For families on low incomes, being worried about not having sufficient fast, reliable broadband for family needs are one factor behind low uptake of social tariffs, alongside low awareness, cost, and stigma. In the MDLS research, parents talked about the horrible feeling of being worried they or their children will run out of data.  

If we want to end data poverty, we need to design internet connectivity services which lighten the load – both cognitive and financial – on families already struggling. We have heard how this is even more important for families living with disability or caring responsibilities, in rural or remote areas, or in temporary accommodation.  

Removing VAT from retail social tariffs and the wholesale broadband used to provide them, ensuring savings are passed to low income households, and developing alternative voucher and discount schemes are all recommendations proposed by the House of Lords Communications and Digital Committee. Now that the trigger for the Secretary of State to review the Universal Service Obligation (Broadband) appears to have been reached, this is surely the moment to use the MDLS – what members of the public say is a minimum acceptable level – to set a north star for digital inclusion as part of the credible strategy we urgently need.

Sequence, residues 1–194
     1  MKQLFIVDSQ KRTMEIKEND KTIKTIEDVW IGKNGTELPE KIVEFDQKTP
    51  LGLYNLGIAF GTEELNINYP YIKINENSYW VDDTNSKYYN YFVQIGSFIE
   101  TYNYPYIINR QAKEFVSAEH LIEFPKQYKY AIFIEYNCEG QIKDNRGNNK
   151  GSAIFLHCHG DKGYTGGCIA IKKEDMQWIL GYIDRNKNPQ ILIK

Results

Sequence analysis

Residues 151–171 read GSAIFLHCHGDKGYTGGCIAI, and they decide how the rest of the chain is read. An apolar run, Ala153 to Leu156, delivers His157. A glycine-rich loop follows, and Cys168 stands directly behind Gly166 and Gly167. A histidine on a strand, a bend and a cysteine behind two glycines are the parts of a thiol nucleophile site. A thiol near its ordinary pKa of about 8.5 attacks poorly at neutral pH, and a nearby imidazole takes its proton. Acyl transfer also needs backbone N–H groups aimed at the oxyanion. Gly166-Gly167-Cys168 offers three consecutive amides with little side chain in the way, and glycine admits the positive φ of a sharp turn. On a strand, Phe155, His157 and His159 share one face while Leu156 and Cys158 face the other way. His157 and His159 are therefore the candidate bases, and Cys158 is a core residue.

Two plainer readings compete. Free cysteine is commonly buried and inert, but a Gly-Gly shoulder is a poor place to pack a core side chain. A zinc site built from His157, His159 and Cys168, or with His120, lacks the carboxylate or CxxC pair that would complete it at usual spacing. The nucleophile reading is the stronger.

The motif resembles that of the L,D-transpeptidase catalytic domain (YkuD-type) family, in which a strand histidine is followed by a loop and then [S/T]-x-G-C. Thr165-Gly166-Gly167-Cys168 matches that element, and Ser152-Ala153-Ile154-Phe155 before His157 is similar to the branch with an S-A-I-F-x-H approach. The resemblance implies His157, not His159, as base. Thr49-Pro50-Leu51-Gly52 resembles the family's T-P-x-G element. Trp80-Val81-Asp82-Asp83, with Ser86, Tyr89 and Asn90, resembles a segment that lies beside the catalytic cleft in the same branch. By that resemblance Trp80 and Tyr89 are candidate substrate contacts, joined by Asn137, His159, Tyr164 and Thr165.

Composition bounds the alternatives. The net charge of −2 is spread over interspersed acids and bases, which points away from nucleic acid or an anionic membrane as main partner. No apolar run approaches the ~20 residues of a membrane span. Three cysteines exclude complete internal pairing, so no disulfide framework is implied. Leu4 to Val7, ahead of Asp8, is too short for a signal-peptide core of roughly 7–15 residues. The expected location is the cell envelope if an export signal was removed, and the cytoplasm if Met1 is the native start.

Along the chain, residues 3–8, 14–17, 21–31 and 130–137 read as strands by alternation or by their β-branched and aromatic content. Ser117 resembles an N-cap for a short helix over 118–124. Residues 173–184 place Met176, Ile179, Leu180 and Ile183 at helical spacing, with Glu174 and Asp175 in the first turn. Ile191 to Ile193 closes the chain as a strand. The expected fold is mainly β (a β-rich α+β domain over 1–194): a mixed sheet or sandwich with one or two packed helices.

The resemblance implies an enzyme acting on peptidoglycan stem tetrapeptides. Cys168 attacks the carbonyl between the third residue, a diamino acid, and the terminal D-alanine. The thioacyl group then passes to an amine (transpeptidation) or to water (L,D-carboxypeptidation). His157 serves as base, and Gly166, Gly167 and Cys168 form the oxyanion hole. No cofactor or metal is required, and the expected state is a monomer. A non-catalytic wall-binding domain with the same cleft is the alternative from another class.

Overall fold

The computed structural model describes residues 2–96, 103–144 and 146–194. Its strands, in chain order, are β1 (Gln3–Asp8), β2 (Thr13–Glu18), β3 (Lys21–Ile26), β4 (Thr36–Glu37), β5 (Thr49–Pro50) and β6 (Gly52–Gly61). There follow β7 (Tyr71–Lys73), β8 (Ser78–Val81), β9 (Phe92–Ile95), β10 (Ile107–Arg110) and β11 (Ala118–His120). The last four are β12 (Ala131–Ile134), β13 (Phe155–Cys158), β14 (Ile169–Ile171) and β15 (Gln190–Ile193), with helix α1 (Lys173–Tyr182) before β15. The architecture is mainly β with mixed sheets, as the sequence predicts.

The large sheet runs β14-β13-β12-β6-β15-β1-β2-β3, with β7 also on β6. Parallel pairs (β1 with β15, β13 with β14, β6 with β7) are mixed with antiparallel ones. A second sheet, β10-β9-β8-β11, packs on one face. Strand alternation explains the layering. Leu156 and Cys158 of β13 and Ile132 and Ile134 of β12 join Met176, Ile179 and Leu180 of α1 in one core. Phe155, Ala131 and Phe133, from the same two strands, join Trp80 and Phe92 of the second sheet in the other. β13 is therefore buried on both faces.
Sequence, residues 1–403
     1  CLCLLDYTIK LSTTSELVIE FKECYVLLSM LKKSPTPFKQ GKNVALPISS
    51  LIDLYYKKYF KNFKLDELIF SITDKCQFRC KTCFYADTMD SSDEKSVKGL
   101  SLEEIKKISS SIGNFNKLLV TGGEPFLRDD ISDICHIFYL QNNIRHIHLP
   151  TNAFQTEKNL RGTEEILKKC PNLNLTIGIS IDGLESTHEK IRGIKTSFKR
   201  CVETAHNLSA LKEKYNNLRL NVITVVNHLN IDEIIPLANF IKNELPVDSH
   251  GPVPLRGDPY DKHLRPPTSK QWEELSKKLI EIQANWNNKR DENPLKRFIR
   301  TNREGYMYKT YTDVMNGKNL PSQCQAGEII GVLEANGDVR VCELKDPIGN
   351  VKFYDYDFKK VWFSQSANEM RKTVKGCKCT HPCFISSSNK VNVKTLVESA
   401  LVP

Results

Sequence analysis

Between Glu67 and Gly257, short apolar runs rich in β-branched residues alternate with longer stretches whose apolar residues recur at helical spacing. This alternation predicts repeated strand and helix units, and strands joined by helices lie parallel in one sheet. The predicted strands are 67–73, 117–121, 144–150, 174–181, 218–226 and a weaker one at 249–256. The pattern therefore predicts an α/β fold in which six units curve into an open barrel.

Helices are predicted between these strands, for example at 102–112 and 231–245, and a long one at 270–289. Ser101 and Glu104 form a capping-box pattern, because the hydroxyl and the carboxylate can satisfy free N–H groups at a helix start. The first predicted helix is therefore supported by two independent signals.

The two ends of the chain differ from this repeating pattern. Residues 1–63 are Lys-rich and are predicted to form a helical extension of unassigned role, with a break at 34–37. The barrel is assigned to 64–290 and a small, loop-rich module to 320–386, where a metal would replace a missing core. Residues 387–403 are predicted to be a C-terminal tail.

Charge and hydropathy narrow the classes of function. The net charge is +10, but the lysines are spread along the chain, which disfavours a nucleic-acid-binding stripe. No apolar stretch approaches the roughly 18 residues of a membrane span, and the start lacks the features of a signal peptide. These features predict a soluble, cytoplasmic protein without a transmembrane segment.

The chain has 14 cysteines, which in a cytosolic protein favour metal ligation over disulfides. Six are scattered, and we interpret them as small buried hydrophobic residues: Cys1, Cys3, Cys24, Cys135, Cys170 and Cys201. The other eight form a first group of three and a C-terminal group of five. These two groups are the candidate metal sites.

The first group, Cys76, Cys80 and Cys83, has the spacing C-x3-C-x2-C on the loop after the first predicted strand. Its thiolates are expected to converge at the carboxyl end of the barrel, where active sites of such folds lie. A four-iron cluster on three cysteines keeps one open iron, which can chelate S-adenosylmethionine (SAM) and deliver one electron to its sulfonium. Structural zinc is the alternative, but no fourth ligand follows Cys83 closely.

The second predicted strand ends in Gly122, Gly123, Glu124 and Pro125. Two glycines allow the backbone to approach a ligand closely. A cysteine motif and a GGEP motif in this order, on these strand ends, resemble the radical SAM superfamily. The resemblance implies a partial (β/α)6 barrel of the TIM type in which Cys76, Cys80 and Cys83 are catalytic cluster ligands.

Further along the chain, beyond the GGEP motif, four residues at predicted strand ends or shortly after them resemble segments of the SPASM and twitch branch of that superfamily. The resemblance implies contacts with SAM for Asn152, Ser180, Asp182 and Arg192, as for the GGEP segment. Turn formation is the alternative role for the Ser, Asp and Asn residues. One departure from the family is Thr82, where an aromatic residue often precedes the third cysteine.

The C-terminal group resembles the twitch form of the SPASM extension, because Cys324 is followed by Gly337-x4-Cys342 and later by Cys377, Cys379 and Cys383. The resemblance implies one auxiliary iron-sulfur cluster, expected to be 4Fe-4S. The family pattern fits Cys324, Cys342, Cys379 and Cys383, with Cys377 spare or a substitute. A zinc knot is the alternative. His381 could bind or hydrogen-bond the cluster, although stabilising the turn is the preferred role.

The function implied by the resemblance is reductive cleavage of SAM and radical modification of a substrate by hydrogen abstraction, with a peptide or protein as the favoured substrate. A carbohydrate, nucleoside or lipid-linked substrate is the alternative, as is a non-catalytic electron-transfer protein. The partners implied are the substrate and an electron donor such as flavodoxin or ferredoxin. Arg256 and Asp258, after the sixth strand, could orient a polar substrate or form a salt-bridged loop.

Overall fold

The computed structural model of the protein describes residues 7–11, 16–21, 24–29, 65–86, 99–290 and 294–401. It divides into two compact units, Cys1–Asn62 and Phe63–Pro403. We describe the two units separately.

For more information about the MDLS team, funders, and publications, please visit the MDLS project website.


To register for the UP North event on 9th October, please visit: Levelling up Living Standards – how do we bridge the digital divide?


A version of this article was recently published in the second annual State of the Nation report from the All Party Parliamentary Group on Data Poverty which is available online at: https://www.datapovertyappg.co.uk/news/the-data-poverty-appgs-second-state-of-the-nation-report